What is the number one question for a runner with a second stress fracture? Well, that’s what we’re talking about today on the Doc On The Run Podcast.
Stress fractures are the most common overtraining injury that I treat in runners. And if you’re a runner and you get a stress fracture, your question is probably “What can I do to heal this as quickly as possible.” But if you heal it, get back to running and then get another stress fracture, a recurrent stress fracture, your number one question should be “why”.
Why did I get another stress fracture? Do I have a vitamin D deficiency? Did I make some preventable training errors? Did I start running without systematic rehab and strengthening first? Do I have some underlying metabolic disorder that puts me at risk? Why? Why did you get another stress fracture? If your doctor didn’t ask why you thought you got a stress fracture, you need a second opinion. You really got to start trying to figure out why.
The thing is that I think that metabolic disorders and vitamin D deficiencies, although they can be common, I don’t think that’s really the common cause of these injuries in athletes. What I think is that most of us who get a stress fracture, we sit still way too long, we get way too weak. We get way too stiff. And then when we start running, we actually wind up accentuating our risk for getting another injury later because we didn’t sufficiently maintain our running fitness during that first injury.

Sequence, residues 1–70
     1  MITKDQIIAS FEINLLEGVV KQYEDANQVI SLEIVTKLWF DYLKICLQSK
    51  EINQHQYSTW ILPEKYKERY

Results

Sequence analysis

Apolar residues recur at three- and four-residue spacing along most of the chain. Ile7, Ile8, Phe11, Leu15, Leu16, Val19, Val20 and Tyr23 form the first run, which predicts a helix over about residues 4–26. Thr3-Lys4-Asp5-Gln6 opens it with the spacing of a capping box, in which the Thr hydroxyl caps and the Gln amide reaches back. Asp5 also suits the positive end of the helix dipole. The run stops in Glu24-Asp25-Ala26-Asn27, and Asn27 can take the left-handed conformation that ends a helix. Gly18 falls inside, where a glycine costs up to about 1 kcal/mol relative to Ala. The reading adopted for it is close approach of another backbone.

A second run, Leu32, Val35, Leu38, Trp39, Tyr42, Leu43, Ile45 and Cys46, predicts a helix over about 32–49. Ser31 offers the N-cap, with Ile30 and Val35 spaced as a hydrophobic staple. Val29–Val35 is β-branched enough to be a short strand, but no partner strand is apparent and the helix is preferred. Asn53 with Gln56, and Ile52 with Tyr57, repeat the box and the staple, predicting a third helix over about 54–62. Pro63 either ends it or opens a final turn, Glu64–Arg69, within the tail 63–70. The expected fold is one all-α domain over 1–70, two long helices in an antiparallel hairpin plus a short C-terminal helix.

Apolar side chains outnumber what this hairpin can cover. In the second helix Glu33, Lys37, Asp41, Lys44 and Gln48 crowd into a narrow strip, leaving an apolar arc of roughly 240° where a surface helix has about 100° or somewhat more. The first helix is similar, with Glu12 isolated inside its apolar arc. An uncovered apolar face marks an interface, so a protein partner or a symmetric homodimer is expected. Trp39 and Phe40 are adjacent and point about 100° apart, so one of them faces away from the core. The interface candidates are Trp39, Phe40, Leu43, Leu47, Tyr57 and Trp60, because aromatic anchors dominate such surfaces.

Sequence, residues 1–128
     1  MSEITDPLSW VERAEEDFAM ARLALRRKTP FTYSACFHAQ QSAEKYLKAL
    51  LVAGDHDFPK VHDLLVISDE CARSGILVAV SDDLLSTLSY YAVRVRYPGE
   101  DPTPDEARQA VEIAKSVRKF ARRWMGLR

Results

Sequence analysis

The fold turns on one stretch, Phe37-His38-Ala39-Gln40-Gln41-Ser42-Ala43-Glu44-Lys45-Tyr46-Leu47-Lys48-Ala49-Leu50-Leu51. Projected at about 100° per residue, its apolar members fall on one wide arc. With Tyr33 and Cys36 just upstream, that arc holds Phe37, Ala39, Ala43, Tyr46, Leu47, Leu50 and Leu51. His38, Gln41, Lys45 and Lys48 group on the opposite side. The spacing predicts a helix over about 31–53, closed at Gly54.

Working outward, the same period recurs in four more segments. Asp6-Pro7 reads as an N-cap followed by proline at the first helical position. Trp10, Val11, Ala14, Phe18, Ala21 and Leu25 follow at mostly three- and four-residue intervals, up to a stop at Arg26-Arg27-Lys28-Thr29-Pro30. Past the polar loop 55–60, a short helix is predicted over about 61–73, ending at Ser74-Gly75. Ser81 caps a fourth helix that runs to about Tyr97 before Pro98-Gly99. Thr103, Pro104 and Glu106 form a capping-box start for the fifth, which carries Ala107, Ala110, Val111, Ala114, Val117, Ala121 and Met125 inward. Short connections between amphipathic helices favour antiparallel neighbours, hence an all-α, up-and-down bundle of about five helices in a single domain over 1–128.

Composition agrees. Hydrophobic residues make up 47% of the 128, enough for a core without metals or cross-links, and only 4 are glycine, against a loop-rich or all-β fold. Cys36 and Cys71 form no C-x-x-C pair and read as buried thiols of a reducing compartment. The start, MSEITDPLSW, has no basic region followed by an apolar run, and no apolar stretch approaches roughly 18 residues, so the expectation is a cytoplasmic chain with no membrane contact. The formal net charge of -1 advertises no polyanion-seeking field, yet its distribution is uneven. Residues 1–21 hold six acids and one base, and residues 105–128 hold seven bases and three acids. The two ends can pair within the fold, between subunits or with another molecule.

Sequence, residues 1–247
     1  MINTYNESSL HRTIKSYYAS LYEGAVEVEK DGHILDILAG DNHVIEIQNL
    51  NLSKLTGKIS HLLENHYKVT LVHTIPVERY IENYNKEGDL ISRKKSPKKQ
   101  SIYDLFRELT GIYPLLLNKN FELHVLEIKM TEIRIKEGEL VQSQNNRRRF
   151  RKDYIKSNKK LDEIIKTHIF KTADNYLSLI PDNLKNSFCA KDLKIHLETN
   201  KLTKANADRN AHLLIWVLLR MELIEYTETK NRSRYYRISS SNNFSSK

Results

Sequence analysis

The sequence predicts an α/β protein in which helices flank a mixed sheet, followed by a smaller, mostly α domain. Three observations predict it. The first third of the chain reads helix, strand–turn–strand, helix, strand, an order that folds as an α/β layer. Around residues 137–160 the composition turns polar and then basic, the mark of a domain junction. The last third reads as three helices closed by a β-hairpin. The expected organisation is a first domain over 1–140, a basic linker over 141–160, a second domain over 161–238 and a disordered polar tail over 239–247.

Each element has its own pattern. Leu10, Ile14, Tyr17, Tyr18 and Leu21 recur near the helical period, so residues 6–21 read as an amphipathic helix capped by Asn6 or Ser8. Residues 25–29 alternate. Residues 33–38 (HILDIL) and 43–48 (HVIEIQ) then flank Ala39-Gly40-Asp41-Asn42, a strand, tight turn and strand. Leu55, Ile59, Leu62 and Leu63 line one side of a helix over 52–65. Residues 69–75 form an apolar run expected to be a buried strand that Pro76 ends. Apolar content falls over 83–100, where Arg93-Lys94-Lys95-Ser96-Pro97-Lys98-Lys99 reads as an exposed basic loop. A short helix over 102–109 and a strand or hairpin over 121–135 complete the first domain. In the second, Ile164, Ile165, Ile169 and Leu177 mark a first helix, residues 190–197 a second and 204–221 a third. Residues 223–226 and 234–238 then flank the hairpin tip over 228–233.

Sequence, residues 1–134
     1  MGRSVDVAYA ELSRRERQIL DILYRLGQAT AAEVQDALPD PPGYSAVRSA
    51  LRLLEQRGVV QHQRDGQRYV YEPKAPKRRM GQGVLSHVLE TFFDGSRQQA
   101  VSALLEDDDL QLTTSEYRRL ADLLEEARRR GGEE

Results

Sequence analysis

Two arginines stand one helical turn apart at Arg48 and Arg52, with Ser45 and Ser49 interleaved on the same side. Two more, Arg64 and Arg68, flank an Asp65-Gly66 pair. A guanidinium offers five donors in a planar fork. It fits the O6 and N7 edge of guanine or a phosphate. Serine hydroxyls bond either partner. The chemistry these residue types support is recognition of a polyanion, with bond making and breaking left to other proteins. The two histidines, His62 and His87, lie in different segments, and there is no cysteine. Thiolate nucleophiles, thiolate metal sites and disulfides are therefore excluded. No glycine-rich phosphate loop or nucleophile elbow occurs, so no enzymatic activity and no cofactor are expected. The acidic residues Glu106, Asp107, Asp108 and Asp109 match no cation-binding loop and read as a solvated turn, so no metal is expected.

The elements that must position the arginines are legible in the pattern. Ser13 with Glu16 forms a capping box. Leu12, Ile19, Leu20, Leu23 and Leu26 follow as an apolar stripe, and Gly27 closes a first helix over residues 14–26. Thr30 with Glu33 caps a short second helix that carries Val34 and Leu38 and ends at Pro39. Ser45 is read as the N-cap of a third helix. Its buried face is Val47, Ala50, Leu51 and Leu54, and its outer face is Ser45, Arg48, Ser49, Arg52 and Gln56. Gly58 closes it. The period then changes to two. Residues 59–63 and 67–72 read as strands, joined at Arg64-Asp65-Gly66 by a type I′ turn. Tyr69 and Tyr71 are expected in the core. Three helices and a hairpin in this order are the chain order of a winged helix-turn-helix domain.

If you did that, it’s too late. You missed the boat at that time, but it doesn’t mean you can’t make up ground now. But you have to try and work on getting stronger, getting more flexible and decreasing your risk of getting another overtraining injury later. Because if you look at this largest study of running injuries of lower extremity, there are three things that put you at risk of stress fractures. The first is high mileage, no surprise, you run a whole lot. You’re at risk.
Number two is being male because men are dumber than women, we do dumber things. And number three is having a previous history of injury. And so again, I don’t think people are just injury prone. I think that the treatments that we as physicians are taught to use on runners keep us weak, keep us stiff and increase the risk of getting another overtraining injury later, but if you got a stress fracture, you need to be thinking about why so that doesn’t happen to you.
If you liked this training, please like it, please subscribe, and if you haven’t checked it out, come check out the stress fracture masterclass. You can get it for free at www.docontherun.com/stressfracturemasterclass. I’ll see you in the training.